So we need to work on recruiting and retention, and we have, and it’s showed. Two years ago we got 10th [place at the NESCAC championships], the year before that we got 11th, last year we got eighth, and this year we got eighth despite being plagued by sickness and just some bad swims, which happens and unfortunately occurred at NESCACs. It bodes well that we got eighth even with all that happening, so hopefully next year we can move up.
A: Can you talk about some of those struggles at NESCACs?
MW: Spencer Tang [’18], one of our best swimmers, was out. The whole meet, he swam a couple relays but he was very sick. He was throwing up a lot but he was a champ and got in when he could and did what he could. The thing about swimming is that it’s pretty set in stone, which kind of sucks. It’s not like us, being eighth, could dethrone Williams the same way that in basketball or football you can beat a better team on any given day. In swimming, there’s no way I’m going to beat Michael Phelps. Your ability is pretty determined by what you do in season, and it shows. You can drop a lot of time, but you aren’t going to drop so much time that you go from being an okay swimmer to contending for a championship. So it takes a lot of time and a lot of practice over the years, which is kind of frustrating because you don’t see results instantaneously. It’s going to take time and hopefully by the time I graduate, we get into the upper half of the NESCAC.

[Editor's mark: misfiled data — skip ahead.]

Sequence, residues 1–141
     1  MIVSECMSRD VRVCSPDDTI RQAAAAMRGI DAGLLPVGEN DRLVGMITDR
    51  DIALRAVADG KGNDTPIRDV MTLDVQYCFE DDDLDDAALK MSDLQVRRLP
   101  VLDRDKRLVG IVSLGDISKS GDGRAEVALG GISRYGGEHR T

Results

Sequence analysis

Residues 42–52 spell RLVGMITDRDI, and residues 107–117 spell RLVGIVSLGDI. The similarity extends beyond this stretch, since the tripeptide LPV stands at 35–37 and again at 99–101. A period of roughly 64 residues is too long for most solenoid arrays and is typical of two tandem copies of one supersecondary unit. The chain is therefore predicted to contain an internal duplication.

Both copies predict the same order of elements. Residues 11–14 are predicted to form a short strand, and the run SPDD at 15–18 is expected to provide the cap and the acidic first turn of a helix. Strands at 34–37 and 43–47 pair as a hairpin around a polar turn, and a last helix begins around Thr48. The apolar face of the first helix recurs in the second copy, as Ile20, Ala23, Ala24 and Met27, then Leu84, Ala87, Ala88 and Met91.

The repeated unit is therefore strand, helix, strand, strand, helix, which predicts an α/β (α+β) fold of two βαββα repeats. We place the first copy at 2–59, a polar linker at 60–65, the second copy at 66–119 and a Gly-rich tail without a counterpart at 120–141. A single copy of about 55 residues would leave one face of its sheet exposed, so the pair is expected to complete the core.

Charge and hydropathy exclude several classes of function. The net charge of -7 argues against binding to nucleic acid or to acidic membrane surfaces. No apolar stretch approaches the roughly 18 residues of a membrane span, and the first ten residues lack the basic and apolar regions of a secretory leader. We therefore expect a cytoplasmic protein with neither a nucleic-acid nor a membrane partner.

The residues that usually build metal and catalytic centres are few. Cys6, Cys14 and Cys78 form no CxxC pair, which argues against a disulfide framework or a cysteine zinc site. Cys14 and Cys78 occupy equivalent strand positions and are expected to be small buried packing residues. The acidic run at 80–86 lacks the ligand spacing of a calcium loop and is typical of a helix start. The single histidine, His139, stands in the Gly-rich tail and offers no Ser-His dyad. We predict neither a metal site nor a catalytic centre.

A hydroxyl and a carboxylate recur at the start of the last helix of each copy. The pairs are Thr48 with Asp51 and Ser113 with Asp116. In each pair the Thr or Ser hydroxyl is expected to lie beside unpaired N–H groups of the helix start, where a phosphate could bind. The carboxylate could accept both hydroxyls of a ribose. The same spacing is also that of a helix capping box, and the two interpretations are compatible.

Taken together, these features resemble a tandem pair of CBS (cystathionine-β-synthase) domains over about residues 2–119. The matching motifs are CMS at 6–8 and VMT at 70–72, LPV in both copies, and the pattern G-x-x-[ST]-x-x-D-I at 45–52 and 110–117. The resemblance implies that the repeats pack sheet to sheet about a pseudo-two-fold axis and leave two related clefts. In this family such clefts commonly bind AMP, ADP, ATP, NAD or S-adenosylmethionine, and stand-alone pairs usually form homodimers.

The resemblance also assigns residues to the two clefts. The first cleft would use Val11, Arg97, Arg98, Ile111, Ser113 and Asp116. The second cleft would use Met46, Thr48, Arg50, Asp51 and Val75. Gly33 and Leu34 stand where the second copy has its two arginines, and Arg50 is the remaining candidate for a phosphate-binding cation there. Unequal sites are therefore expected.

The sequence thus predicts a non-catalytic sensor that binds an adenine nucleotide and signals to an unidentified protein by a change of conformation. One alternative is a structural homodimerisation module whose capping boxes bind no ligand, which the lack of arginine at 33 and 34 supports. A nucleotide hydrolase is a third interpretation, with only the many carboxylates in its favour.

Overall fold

A: Would you say that eventually being in the upper half of the conference is the team’s goal right now?
MW: Well, eventually it’s to contend for a title, but I think in the next few years a reasonable goal would be to get into the top six. So we have to beat Middlebury and Bowdoin, which is close.
A: What would you set as water polo’s objective for the season?